One D&D Wild Shape analysis
One D&D’s fourth playtest packet came out earlier today, featuring new versions of the Druid and the Paladin classes. Most of the changes are pretty interesting, but only one caught my eye: the new Wild Shape mechanics.
5E’s Wild Shape
I have never played a Druid, but some players in my group have. From the DM’s perspective, Wild Shape is full of flavor; it’s straight up awesome to describe the Druid becoming a freaking bear starting to eviscerate the goblins.
The only problem is that, at least in my table, it didn’t come up very often. Sadly, it’s much more “optimal” for the Druid to focus on casting spells during combat instead of transforming into a cool animal (specially if they aren’t of the Circle of the Moon).
In the middle of a fight, my players only found it advantageous to use Wild Shape if they were getting low on Hit Points, effectively using the HP of their beast forms as Temp HP. In my opinion, it felt like a tradeoff: you become less effective, but now you can get into melee and (try to) rip the opponents apart.
To illustrate my point, take Dungeons & Dragons: Honor Among Thieves’s own trailer. The Druid transforms from a horse into an owlbear (more on that later) and proceeds to completely annihilate a group of guards. If that’s not awesome, I don’t know what is.
One D&D’s Wild Shape
Now let’s talk about One D&D’s Druid, as presented to us in the fourth playtest packet. First things first: now you can transform into an owlbear. Well, kinda…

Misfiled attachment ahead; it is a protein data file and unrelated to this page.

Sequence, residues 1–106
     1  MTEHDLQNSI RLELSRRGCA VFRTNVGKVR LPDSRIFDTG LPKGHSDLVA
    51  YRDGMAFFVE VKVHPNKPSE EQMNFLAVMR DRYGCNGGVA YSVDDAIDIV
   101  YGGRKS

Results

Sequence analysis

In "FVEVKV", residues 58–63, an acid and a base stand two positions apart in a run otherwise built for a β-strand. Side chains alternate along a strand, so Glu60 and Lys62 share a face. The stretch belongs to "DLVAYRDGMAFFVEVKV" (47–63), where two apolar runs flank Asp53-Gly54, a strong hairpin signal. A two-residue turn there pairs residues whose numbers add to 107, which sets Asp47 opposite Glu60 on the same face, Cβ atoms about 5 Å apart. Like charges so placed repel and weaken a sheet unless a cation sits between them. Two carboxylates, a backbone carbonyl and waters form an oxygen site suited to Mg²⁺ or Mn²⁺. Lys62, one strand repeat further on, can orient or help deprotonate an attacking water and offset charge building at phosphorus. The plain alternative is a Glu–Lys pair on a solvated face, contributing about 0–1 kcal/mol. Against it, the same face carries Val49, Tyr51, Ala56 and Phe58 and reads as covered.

As you assume a form, you determine its appearance, selecting an example animal from the form’s description, selecting another appropriate animal, or choosing a hybrid form that incorporates visual characteristics from two or more animals. The appearance you choose has no effect on the form’s capabilities.
So you can transform into a owl-bear hybrid, but that’s enough for me. The weird part is that last sentence about your choice not affecting “the forms capabilities”.
The biggest difference between this Druid and 5E’s version comes from the fact that now you don’t choose a creature from the bestiary to transform into! Rather, you get to choose your appearance, but always refer to the same three stat blocks (Animal of the Land, Animal of the Sea, or Animal of the Sky).
In general, I think I like this change. Too often have I waited for my player to choose the exact beast they wanted, so I’m all for streamlining the options. You want to become a Small elephant? Sure. A Large bat? Of course. A Medium giraffe-turtle hybrid? You got it.
However, there is some fine print: the HP of all three stat blocks is “you continue to use your Hit Points and Hit Dice”. That means a Druid no longer gets the HP boost that used to come with 5E’s Wild Shape.
The table below shows the stats of 5E’s beasts grouped by Wild Shape CR1. As you can see, from level 8 onwards a Druid could conceivably “gain” 52 Hit Points per Wild Shape use (and that’s not even taking the Circle of the Moon into account).
|Druid Level||Wild Shape CR||Max HP||Avg. HP||Max AC||Avg. AC|
My best guess is that the D&D’s designers don’t want Druids to use Wild Shape during combat. Since players weren’t truly using their beast forms offensively, the game might as well not imply that it is a possibility.
But I think something was lost… I enjoy the idea of a Druid charging into battle as an owlbear and the producers of the D&D movie clearly agree with me.
On The Tome Show’s Discord, @Scipio202 suggested awarding some Temp HP as part of Wild Shape. This is an elegant solution and, according to the table above, a boost of 4 x Druid level would be on par with the average Hit Points they would be gaining in 5E.
What do you think? Please send me an email with your thoughts!
The table only considers non-swarm beasts from the Monster Manual and from Mordenkainen Presents: Monsters of the Multiverse. It also assumes that a Druid wouldn’t choose a form of a lower “tier” than the one they have access to. ↩︎
#d&d #one-d&d #analysis